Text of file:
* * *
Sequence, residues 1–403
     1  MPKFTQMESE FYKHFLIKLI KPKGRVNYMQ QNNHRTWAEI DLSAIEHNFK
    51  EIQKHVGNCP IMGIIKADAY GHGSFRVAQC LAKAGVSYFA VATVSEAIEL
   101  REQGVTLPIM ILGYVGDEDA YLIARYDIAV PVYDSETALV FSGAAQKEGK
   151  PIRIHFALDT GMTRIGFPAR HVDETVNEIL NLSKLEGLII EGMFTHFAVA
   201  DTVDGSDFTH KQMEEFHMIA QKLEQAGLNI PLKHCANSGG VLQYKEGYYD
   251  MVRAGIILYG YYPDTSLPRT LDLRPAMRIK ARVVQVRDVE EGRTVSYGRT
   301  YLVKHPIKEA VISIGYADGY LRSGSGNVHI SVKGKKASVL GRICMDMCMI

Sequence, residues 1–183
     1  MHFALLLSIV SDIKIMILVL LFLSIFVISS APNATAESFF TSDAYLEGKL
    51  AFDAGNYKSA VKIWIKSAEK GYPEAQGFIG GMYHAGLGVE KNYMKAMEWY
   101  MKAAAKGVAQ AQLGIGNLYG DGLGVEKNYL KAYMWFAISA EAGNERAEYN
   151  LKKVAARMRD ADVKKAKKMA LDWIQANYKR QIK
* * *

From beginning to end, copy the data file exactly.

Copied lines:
Sequence, residues 1–403
     1  MPKFTQMESE FYKHFLIKLI KPKGRVNYMQ QNNHRTWAEI DLSAIEHNFK
    51  EIQKHVGNCP IMGIIKADAY GHGSFRVAQC LAKAGVSYFA VATVSEAIEL
   101  REQGVTLPIM ILGYVGDEDA YLIARYDIAV PVYDSETALV FSGAAQKEGK
   151  PIRIHFALDT GMTRIGFPAR HVDETVNEIL NLSKLEGLII EGMFTHFAVA
   201  DTVDGSDFTH KQMEEFHMIA QKLEQAGLNI PLKHCANSGG VLQYKEGYYD
   251  MVRAGIILYG YYPDTSLPRT LDLRPAMRIK ARVVQVRDVE EGRTVSYGRT
   301  YLVKHPIKEA VISIGYADGY LRSGSGNVHI SVKGKKASVL GRICMDMCMI

Sequence, residues 1–183
     1  MHFALLLSIV SDIKIMILVL LFLSIFVISS APNATAESFF TSDAYLEGKL
    51  AFDAGNYKSA VKIWIKSAEK GYPEAQGFIG GMYHAGLGVE KNYMKAMEWY
   101  MKAAAKGVAQ AQLGIGNLYG DGLGVEKNYL KAYMWFAISA EAGNERAEYN
   151  LKKVAARMRD ADVKKAKKMA LDWIQANYKR QIK